A Light Shines on the Darkness of Mental Health

A Light Shines on the Darkness of Mental Health

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By Marcus Cabrera, Director of Life, Justice and Peace

“We do not pretend that life is all beauty. We are aware of darkness and sin, of poverty and pain. But we know Jesus has conquered sin and passed through his own pain to the glory of the Resurrection. And we live in the light of his Paschal Mystery – the mystery of his Death and Resurrection. ‘We are an Easter People and Alleluia is our song!’” St. Pope John Paul II gave these powerful – and perhaps prophetic – words in his Angelus in 1986. 

Barbara Zahner has been singing “Alleluia” to our brothers and sisters in the darkness and pain of mental illness since 2015, when she first learned of a fellow parishioner who, as Barbara says, “died by despair.”  

“I felt like a cannonball had gone through me,” Barbara recounts. From this death, the Mental Health Ministry Network arose under Barbara’s leadership. “Our goal was to educate, advocate, and accompany those affected by mental illness. We organized parish presentations, workshops, and distributed educational material from the National Alliance on Mental Illness (NAMI) Santa Clara County.” She created the network to serve only a handful of parishes in the Diocese of San Jose. 

But, four years later, in 2019, Barbara started serving on the Diocesan Committee for Mental Health in the Office of Life, Justice, and Peace. This committee partners with NAMI Santa Clara, the Santa Clara Behavioral Health Department, the Santa Clara Department for Education, and the HEARD Alliance – all to raise awareness about mental health and to make resources available to all San Jose parishes. 

We all know that dioceses across the country champion a variety of pressing justice issues. Upon arriving in San Jose, I immediately wanted to help those who no longer hear our Easter song. Even today, I find it ironic that in the valley of technology and hyper-connectivity, the crushing loneliness and despair can also make Silicon Valley into the “Dark Valley.” It is especially crucial for us in San Jose to sing “Alleluia” to those in despair.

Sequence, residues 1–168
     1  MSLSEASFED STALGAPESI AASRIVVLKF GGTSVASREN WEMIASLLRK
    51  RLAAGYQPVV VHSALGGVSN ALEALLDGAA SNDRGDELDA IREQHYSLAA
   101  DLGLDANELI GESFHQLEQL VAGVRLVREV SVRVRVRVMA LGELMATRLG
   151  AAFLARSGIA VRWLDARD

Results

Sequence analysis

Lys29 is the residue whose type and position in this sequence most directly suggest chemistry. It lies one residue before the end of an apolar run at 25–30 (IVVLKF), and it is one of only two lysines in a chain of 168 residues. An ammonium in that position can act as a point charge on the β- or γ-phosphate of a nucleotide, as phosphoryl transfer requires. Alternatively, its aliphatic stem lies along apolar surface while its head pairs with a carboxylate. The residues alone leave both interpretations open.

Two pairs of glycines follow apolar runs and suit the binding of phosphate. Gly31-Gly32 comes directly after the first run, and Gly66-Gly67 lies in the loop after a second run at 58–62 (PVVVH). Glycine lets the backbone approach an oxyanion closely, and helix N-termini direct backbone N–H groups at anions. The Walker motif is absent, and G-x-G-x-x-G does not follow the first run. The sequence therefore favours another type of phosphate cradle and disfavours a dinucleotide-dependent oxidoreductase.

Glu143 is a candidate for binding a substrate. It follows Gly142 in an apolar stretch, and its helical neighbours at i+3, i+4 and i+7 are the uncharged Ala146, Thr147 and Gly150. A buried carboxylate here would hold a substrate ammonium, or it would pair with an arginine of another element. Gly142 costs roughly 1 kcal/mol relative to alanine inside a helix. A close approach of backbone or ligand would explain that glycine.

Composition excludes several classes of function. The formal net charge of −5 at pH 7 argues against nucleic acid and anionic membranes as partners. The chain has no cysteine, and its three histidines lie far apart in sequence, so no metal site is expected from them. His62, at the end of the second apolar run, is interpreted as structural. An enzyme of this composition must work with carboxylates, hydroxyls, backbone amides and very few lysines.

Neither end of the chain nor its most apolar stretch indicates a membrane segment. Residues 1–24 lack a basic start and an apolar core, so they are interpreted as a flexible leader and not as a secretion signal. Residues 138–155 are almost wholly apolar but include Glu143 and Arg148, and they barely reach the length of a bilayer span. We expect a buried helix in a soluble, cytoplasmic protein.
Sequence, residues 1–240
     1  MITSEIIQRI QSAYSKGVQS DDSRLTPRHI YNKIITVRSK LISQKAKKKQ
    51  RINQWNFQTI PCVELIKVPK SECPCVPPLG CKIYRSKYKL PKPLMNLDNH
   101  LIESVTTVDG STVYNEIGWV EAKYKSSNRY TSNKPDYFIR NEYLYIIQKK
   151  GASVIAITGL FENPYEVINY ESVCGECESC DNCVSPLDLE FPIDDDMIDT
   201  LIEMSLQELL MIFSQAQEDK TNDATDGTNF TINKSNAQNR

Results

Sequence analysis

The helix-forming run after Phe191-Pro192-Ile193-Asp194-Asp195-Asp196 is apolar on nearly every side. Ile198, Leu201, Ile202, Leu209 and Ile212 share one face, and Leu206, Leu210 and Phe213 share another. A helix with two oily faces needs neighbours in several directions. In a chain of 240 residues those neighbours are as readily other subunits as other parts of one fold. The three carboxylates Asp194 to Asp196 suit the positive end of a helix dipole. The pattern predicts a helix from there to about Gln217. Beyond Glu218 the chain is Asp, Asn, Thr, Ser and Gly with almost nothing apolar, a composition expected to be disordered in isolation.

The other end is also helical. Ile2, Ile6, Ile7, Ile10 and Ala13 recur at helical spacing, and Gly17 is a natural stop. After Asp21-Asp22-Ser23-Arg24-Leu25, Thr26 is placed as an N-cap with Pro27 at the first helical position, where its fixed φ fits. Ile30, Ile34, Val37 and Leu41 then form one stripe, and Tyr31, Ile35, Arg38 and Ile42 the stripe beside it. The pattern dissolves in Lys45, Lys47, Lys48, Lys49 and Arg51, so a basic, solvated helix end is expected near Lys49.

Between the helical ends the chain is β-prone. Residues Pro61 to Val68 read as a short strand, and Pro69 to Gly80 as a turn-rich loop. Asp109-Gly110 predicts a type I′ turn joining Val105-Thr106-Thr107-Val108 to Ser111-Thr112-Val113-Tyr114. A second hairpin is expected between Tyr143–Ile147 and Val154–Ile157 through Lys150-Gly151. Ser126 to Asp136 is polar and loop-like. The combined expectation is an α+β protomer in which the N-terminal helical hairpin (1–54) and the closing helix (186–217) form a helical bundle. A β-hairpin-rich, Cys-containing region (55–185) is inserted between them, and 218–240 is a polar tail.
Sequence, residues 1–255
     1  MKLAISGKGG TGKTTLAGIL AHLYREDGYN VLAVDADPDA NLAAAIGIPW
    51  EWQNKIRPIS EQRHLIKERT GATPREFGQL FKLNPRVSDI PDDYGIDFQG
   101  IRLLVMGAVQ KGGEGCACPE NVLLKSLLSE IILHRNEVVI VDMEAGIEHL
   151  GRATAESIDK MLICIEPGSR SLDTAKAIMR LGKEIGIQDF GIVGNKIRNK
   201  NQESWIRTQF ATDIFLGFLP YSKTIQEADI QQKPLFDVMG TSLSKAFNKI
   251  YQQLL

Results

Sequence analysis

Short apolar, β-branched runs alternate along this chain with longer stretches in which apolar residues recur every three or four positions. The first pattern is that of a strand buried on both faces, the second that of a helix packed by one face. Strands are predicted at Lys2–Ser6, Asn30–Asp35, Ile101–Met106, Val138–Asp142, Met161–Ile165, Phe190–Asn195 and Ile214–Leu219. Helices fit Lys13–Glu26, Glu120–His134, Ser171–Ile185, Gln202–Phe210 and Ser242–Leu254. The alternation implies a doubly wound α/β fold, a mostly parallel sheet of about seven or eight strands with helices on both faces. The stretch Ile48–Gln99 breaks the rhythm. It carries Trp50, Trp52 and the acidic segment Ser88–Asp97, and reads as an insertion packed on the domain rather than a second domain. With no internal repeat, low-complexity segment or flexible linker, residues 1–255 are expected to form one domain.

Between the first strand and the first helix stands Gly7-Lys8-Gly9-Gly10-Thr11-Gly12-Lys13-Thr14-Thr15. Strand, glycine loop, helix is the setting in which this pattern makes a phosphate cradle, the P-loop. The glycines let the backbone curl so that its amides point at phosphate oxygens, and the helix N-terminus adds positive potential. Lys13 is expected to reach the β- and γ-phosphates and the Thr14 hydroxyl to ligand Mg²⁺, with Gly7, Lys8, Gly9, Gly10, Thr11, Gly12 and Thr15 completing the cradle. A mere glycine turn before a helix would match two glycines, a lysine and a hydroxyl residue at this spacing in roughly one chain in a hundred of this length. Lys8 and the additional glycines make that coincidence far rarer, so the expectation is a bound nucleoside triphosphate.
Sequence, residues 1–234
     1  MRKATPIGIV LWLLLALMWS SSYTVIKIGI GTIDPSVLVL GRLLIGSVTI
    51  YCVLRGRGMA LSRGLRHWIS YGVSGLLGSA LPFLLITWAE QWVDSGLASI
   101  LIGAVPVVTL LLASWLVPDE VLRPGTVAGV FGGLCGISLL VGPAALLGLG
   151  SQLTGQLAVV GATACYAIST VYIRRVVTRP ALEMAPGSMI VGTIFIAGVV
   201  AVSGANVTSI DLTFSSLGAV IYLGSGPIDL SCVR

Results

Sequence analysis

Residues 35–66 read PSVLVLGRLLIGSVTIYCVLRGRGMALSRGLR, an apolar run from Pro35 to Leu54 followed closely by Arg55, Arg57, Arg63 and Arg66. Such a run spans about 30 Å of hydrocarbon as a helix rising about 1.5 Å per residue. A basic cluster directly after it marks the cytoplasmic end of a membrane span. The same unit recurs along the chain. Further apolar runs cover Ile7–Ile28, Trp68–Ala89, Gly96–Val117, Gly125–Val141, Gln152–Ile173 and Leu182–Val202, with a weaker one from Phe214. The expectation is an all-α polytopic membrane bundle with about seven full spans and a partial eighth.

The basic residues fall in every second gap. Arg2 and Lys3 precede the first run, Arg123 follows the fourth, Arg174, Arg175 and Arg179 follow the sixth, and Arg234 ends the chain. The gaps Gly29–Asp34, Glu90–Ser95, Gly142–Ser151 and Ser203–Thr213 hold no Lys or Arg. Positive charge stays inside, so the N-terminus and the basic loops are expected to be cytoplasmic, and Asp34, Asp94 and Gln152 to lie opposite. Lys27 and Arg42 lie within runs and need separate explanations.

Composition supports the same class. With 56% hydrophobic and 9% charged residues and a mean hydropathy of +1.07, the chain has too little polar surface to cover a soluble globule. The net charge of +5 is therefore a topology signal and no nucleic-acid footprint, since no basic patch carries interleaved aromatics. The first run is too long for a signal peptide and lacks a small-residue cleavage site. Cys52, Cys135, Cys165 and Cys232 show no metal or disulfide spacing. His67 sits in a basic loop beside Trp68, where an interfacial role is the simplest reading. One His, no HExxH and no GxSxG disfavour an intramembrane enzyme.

The Diocesan Committee for Mental Health has empowered those wishing to make a difference in their parishes. St. Francis of Assisi, through its mental health ministry, called 3Gen+, hosts a variety of mental health events, including an intensive 2-day workshop in partnership with the University of San Diego (USD) and a showing of the movie, Angst, to a standing-room-only parish hall. St. Francis of Assisi was the only house of worship in California to receive a grant from USD for mental health projects. It used the grant to host Deacon Ed Shoener, from the Institute for Catholic Mental Health Ministry, to host the very intensive 2-day training on Mental Health 101. The showing of Angst – an artfully produced showcasing of teenage mental anxiety – was then followed with a panel of certified mental health professionals. Barbara will be the first to say that Fr. Matthew Stanley’s support has been paramount to the success of 3Gen+ and mental health ministries.

Pastors, pastoral associates, and parish staff members from St. Lucy’s Santa Teresa, Sacred Heart, St. Simon, St. Nicholas & St. William, and St. Cyprian have all held meetings with the Diocesan Committee for Mental Health, hoping to institute an increase in mental health resources. 

I’m truly proud of the efforts made by our parishes to address mental health issues in our community, and I know I’m not the only one. NAMI Santa Clara has recognized these efforts as well and is set to honor St. Francis of Assisi and Santa Teresa parishes with awards at Good Samaritan Hospital for their outstanding work in mental health awareness. Cindy McCalmont of NAMI FaithNet said to a room of pastors of various faiths that, of all the houses of worship, the Roman Catholics of San Jose are leading the way. 

This is certainly a reason to rejoice.